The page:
Ouachita students honored at American Chemical Society National Meeting

Four students from Ouachita Baptist University earned the “Speak Simply” award in the Undergraduate Research Poster Contest at the recent American Chemical Society (ACS) national meeting in Denver. A total of 13 students from Ouachita’s J.D. Patterson School of Natural Sciences presented work at the conference.

“Participating in off-campus meetings, especially regional or national conferences, is a great experience for our students,” said Dr. Tim Knight, dean of OBU’s Patterson School. “Being recognized by their peers in a national conference confirms the quality of work conducted by both our students and their faculty mentors.”

Approximately 1,200 undergraduates from across the nation were eligible to compete in the contest and of those presenting, only 15 students were recognized. Ouachita students have now garnered 14 of the 45 awards in the past three years of the “Speak Simply” contest, the most of any single institution.

“Our students are passionate about their research and communicate it effectively,” said Dr. Marty Perry, OBU’s Nell I. Mondy Professor of Chemistry. “They are well prepared by their faculty mentors as well as the entire Ouachita community that contributes to their overall education.”

Students who presented in the “Speak Simply” division were given two minutes to explain the importance of their individual research projects. They were required to summarize their research simply and free of technical jargon.

“We need to be able to communicate our ideas to patients and policy makers who are not necessarily versed in science,” said Baronger Bieger, a senior biology and English major from Rockwall, Texas. “Science is inherently logical, so anyone should be able to follow what is being done as long as the meaning is distilled into its logical components and not lost in complex, flowery terminology.”

Bieger conducted his research with Dr. Steven Barger from the University of Arkansas for Medical Sciences, studying microglia, cells that keep the brain free of disease-causing clutter, and how they are affected by different proteins known to be associated with Alzheimer’s disease. He explained, “When one protein makes the microglia not clear debris from the brain as effectively, it increases the risk of getting Alzheimer’s. If we can find out what is changing in those microglia to make them less efficient, we might be able to counter it and help prevent Alzheimer’s.”

Having four of the 15 winners of the “Speak Simply” award hail from Ouachita “speaks volumes about the work of not only the undergraduates here, but more so, the work of the professors,” said Rachel Tucker, a junior biology and chemistry major from Fordyce, Ark. “Our professors are very invested in the research that we do, and they want to see us do well. I feel there is a great quality of both students and professors at Ouachita, and the repeated success at contests much like this one are a direct reflection of that.”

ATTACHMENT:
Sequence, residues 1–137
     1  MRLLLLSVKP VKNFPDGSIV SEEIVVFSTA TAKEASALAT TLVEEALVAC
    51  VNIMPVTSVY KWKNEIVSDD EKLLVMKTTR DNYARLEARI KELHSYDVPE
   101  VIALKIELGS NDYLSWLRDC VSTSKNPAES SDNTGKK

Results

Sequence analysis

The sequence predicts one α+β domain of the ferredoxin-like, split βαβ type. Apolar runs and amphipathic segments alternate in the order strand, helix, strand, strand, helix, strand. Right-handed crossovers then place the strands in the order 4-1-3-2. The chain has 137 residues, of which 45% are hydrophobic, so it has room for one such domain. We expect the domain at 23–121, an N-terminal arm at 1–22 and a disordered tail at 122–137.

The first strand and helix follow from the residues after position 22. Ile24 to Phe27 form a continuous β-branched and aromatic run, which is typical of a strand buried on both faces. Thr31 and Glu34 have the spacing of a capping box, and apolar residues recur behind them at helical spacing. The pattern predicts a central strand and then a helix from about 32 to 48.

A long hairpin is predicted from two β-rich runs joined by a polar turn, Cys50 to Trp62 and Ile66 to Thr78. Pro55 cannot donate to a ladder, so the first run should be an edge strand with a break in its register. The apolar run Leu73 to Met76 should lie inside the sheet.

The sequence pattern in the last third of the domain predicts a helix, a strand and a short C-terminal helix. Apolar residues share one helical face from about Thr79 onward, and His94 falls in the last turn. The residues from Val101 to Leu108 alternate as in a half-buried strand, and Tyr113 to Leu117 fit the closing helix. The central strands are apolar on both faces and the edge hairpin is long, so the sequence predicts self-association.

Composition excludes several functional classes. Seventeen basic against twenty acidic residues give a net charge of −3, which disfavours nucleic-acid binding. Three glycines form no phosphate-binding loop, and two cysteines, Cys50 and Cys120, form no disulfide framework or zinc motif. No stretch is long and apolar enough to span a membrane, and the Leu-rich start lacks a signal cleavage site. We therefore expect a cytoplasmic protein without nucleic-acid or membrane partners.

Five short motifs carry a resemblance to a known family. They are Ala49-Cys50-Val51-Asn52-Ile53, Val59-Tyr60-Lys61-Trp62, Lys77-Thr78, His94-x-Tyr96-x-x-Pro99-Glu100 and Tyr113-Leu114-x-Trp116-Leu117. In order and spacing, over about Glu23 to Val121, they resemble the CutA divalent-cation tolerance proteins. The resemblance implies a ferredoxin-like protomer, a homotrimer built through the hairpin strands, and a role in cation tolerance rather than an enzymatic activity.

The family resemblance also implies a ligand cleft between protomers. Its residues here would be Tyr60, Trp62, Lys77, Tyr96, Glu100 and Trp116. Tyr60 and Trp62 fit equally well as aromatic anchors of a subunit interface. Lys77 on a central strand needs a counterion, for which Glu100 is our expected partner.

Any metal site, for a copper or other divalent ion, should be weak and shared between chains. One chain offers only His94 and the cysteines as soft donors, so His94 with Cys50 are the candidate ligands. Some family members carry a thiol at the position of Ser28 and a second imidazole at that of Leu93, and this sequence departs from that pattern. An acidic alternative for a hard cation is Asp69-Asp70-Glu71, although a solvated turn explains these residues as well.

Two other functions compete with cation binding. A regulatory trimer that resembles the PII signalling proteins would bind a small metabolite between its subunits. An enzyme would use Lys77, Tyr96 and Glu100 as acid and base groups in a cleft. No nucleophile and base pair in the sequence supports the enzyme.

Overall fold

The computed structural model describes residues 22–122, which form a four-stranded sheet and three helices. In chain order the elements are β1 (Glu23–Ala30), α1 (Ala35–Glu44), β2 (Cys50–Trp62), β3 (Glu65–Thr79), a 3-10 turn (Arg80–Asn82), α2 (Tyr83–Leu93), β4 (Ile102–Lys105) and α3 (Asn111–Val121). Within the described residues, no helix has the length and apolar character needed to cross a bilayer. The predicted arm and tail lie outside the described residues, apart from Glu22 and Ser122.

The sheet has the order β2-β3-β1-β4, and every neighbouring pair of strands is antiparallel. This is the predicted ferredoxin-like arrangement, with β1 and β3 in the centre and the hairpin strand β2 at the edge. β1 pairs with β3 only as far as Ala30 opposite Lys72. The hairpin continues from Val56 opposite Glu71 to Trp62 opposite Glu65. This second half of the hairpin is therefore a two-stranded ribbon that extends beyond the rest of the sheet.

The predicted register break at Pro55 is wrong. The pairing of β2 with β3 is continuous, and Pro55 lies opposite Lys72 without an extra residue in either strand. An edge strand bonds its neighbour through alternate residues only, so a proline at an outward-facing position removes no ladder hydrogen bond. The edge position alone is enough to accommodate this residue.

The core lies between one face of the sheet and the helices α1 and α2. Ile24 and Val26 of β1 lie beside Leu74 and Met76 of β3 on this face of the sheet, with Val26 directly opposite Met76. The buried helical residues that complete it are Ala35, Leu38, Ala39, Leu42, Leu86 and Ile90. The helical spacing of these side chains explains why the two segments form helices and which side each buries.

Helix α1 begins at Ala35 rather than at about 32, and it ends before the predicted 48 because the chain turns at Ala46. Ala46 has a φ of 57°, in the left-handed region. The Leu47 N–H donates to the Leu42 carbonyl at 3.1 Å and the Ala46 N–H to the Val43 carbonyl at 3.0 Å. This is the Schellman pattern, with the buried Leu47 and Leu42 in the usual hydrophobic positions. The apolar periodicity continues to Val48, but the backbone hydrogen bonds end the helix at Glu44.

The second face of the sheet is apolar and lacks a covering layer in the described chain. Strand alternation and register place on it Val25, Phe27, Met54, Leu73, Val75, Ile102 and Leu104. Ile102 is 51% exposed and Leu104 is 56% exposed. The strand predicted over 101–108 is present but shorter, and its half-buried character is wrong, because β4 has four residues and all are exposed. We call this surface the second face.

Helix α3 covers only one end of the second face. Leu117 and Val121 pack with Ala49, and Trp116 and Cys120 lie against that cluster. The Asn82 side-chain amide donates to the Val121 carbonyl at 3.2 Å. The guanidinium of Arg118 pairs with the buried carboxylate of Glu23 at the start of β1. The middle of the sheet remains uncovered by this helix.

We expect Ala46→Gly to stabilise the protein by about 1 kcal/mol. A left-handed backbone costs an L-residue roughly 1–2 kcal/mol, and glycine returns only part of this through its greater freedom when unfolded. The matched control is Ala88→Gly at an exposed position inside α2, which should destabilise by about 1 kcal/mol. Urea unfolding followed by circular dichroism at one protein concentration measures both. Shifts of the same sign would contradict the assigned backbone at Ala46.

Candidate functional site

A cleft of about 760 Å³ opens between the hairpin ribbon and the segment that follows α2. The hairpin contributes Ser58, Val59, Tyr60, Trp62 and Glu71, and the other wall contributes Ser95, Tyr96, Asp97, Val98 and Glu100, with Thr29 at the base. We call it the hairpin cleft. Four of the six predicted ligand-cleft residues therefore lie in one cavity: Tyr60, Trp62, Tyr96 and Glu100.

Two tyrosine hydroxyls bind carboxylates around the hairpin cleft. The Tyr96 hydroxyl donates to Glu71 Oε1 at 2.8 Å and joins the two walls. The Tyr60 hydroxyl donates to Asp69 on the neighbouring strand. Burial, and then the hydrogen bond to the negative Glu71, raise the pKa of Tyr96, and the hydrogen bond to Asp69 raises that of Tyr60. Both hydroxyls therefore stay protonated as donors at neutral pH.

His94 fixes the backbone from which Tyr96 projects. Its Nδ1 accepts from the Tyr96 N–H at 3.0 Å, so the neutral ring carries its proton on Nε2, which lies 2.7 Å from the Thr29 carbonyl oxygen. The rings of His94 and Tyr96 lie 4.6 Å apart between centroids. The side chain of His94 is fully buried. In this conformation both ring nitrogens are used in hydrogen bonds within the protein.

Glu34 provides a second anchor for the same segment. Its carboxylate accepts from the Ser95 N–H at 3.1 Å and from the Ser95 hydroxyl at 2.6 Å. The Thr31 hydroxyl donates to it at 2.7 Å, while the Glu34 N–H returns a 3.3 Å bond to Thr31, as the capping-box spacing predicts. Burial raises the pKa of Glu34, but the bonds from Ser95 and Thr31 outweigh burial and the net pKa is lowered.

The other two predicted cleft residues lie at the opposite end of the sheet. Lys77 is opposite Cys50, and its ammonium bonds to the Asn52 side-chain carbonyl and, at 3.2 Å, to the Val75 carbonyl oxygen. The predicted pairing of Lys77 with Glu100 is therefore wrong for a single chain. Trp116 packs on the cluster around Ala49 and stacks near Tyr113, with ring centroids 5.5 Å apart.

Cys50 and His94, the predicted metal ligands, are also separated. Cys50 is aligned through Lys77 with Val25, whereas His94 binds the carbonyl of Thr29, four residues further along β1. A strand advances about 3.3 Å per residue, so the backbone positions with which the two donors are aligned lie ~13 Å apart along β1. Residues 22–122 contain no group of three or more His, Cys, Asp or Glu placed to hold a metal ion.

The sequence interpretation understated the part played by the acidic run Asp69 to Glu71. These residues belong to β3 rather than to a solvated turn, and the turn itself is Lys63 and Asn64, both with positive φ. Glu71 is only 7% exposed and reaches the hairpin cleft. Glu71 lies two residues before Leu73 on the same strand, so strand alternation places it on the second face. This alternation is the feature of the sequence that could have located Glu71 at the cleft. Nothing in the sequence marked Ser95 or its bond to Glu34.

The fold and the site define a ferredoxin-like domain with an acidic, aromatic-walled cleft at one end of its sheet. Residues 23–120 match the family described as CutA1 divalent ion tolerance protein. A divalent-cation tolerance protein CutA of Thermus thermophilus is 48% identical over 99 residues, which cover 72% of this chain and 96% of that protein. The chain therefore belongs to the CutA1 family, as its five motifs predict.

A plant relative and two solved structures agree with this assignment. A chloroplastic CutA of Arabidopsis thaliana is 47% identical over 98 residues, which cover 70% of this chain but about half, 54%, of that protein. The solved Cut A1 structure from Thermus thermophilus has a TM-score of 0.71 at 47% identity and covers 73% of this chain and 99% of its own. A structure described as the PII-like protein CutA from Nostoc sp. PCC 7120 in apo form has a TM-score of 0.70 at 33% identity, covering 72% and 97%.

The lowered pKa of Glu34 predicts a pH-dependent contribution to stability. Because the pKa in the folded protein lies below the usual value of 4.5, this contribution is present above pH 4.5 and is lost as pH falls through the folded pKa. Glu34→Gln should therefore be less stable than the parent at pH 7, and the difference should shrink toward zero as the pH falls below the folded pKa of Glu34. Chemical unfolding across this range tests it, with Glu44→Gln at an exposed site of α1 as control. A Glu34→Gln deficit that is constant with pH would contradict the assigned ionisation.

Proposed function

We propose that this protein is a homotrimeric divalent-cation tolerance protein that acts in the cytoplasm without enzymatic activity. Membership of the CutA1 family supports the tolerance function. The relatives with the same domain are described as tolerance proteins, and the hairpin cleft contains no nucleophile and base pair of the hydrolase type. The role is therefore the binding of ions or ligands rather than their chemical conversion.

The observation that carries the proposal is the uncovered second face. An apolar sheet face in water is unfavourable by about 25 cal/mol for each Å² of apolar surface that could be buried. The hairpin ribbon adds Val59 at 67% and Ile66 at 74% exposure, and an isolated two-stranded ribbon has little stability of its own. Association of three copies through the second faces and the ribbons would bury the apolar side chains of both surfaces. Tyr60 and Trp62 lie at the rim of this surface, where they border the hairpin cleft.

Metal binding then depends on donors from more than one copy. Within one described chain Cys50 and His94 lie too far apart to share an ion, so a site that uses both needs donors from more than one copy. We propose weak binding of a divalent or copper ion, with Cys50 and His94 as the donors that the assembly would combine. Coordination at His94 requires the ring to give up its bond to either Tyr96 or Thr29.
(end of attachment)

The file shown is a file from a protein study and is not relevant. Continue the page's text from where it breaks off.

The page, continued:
Tucker’s research was based on developing a new drug for a new kind of cancer treatment called photodynamic therapy (PDT). She conducted her research with Dr. Joe Bradshaw, professor of chemistry and pre-medical studies at OBU, developing a drug that was tested on live breast cancer cells, ultimately killing the cancer.

“Ouachita always performs well in this competition which shows our students and professors place an emphasis on ensuring the public understands scientific news instead of trying to sound intimidatingly intelligent,” said Dustin Walter, a senior biology and chemistry major from Marion, Ark. “This was a great experience that served as a reminder that people who are not scientists can be interested in my research too if I am willing to communicate it in a way that they can understand.”

Walter said his research focused on the “very small group of people who are infected with HIV but do not show any symptoms, never progress to AIDS nor show deficiency in immune system functions” to see what was different about their immune systems in hopes of developing an HIV vaccine. His research was conducted this past summer at the Ragon Institute in Boston, Mass., with Dr. Srinika Ranasinghe.

Nathan Hall, a junior chemistry and biology major from Jonesboro, Ark., also received the “Speak Simply” award in addition to Bieger, Tucker and Walter.

“The quality of undergraduate research at Ouachita is very high,” Perry added. “The students are skilled, and the projects they explore are at a level that would compete with many graduate programs. It is critical that our students continue to be exposed to cutting-edge science and participate in independent research projects.”

Most of the students spend at least 10 weeks over the summer working on their projects: reading scientific literature, planning and performing experiments, collecting and analyzing data as well as preparing and presenting their findings.

The ACS national meeting is a semi-annual conference that attracts approximately 15,000 academic, industry and government participants from across the nation. In addition to the undergraduate presentations, the meeting hosts a variety of other events, including lectures, workshops and exhibits.

Other Ouachita students who presented their research at the meeting include: Jace Bradshaw, a sophomore biology, chemistry and physics major from Arkadelphia, Ark.; Bailey Chitwood, a senior biology major from North Little Rock, Ark.; Trevor Meece, a junior chemistry and biology major from Arkadelphia, Ark.; Brian Monk, a senior biology major from El Paso, Texas; Paige Onyuru, a senior biology and chemistry major from Hot Springs, Ark.; Rachel Pruett, a senior biology and chemistry major from Harrison, Ark.; Michael Rogers, a senior biology major from Little Rock, Ark.; Sarah Rogers, a senior biology major from Camden, Ark.; and Joel Ubeda, a senior biology major from Shreveport, La.